Friday, January 5, 2018

Potion Masters: The Eternity Elixir by Frank L. Cole

Gordy Stitser is gifted in the art of potion making. Most twelve-year-olds are clueless about potion-makers—known as Elixirists. Luckily, Gordy’s mother, Wanda, is a master Elixirist and she nurtures Gordy’s talent. While Wanda is out-of-town, Gordy opens a package intended for her. Inside is a potion labeled the Eternity Elixir. After Gordy runs tests to identify the potion, an eccentric woman named Esmerelda and her henchman come enquiring about the parcel. After being turned out from the Stitser home, Esmeralda attacks the house so she can take the potion.

Cole has created a fascinating fantasy series that approaches the richness and depth found in the works of J. K. Rowling, Brandon Mull, and Rick Riordan. Cole introduces readers to Gordy Stitser and the Elixirist community: a secret society that uses potions to help the world run a little smoother and safer. Gordy is not a newbie to the society, nor does he have to hide it from his friends. These are two themes not commonly found at the start of a fantasy series. But these additional elements allow readers to delve more deeply into Cole’s world to face such personal dilemma’s like the history behind Gordy’s evil grandfather. Excellent character development, intense action, and great humor all create an intensely tactical world any readers would enjoy. For ages 12 and up.

Check out the book trailer:

Saturday, December 30, 2017

Max Tilt: Fire the Depths by Peter Lerangis

Twelve-year-old Max Tilt’s life is slowly falling apart. His mother’s cancer has returned and his father can’t work because of her condition. When Max’s parents leave to start her treatments, they put Max’s older, Canadian cousin, Alex, in charge. But as soon as Alex arrives, she and Max uncover a mountain of unpaid bills that will lead to their eviction. Desperately searching the house for items to sell, Alex and Max find a lost manuscript left by their famous ancestor, Jules Verne. Verne’s manuscript reveals that his science-fiction tales were based on Verne’s own experiences and that he left a treasure for his descendants if they can decipher the clues he left behind.

Lerangis proves he is a master of middle-grade fantasy with his heart-racing, new series based on the works of Jules Verne. Lerangis weaves a unique twist to his tantalizing tale by bringing up the fact that the fantastical technology Verne described in his stories was eventually invented. In other words, science-fiction became reality. So why not apply it to Verne’s personal life? Lerangis plunges Verne’s legends into a modern story to prove that Verne’s fiction was fact. Lerangis’ adventure is told through the synesthesia-suffering, intelligent tween, Max and his spunky, courageous cousin, Alex. Readers will cheer on the cousins as they piece together the Verne’s puzzles while avoiding doom, gloom, and bad smells. A great series for newbie or seasoned Verne fans, ages 12 and up.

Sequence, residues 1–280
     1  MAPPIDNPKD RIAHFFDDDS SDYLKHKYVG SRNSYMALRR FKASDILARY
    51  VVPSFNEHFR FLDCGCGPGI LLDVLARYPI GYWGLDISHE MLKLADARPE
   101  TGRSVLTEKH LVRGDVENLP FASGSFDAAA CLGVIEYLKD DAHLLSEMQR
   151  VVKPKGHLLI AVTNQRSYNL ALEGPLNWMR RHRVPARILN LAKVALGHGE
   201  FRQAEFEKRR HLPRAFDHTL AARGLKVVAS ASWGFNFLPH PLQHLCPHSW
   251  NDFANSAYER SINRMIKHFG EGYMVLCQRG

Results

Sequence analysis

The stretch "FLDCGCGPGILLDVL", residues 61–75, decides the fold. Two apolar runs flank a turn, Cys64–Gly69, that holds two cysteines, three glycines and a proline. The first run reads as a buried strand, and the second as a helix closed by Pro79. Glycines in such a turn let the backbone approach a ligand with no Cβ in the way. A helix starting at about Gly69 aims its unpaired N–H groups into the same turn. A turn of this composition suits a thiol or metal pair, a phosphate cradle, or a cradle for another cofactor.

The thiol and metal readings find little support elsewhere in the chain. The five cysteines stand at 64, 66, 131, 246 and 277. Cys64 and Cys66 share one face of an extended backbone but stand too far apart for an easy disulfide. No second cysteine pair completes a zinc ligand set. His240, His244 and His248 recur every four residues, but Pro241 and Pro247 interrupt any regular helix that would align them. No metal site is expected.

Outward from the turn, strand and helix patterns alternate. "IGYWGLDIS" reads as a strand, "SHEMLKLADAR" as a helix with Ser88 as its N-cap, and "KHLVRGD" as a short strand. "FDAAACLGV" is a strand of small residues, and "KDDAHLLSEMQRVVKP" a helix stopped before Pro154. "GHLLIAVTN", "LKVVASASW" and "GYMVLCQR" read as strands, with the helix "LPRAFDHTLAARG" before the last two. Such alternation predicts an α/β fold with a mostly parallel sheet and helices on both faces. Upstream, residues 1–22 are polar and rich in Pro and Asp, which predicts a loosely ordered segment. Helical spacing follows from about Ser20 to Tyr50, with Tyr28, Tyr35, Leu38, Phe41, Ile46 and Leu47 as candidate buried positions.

Wednesday, December 20, 2017

Seven Ways to Trick a Troll by Lise Lunge-Larsen, illustrated by Kari Vick

In ancient Norse tales, the frost giant, Ymir, used his planet-sized body to create the earth. After the creation process, his troll children crawled out from between his toes. Even at the point, trolls were large beings who loathed humans and coveted what humans had. Luckily troll brains are small so even a child can cleverly trick their way out of any troll dilemma. But a child must be more than clever to trick a troll. They must be brave, persistent, caring, hard-working, and spunky. It also helps to know some key weaknesses to defeat a troll. These weaknesses include distaste of loud noises; exploding when angry; turning into stone from direct or reflected sunlight; easily distracted; unable to swim; and clumsy during a pursuit. Armed with this information, seven children take on various trolls to save themselves, their families, or friends from several greedy trolls.

Larsen and Vick’s collection of troll fairytales is a delight from start to finish. Vick’s bright, engaging, and lively watercolor illustrations harkens to the works of master illustrator Trina Schart Hyman. Larsen’s seven troll-defeating adventures are entertaining yet heartfelt because almost all the stories are about brave children saving their families or loved ones from a troll’s wrath. At the back of the book, Larsen even includes a section dedicated to identifying the remains of trolls turned into stone. One minor flaw of the story is that a troll’s weakness of sunlight is used twice. Even on the book’s back cover it states only six weaknesses because a trolls’ weakness of sunlight, whether direct or reflected, can be condensed into just one weakness. However, the fault is easily forgiven by another satisfying serving of a sunlight-based fairytale. Seven Ways to Trick a Troll is a must-read and must-own for any fairytale lovers or fairytale beginners.

Monday, December 11, 2017

The Secret Keepers by Trenton Lee Stewart

New Umbra is ruled by the mastermind, the Smoke. Twelve-year-old Reuben is aloof to the city’s political problems until he discovers a mysterious watch. Reuben attempts to pawn the watch to help his mother, but it turns out the Smoke desperately wants the watch. Reuben decides to wind the watch and he turns invisible. Reuben relishes being invisible, but the Smoke’s agents zero in on him. Reuben leaves home to protect his mother and find the watch’s true owner. This leads him to the Meyer family and their legend with the watch. Because of their family’s legend, siblings Penny and Jack Meyer agree to help Reuben overthrow the Smoke.

Stewart expertly creates another unique middle-grade masterpiece full of puzzles, humor, and suspense. But the clever clues don’t overshadow the emotional depth of Stewart’s book. Before finding the watch, Reuben’s life was difficult. He father was killed and his mother struggles to provide for them. These trials rule Reuben’s life, not the political problems caused by the Smoke. When Reuben finds and uses the watch, he temporarily escapes his life by invisibility. But as Reuben gets entangled with the Smoke, Reuben realizes the Smoke’s addiction to the watch is the reason behind all the suffering in New Umbra. It’s a difficult realization for Reuben, but once he lets go of the watch, everyone flourishes, including himself. A fantastic read for ages 12 and up.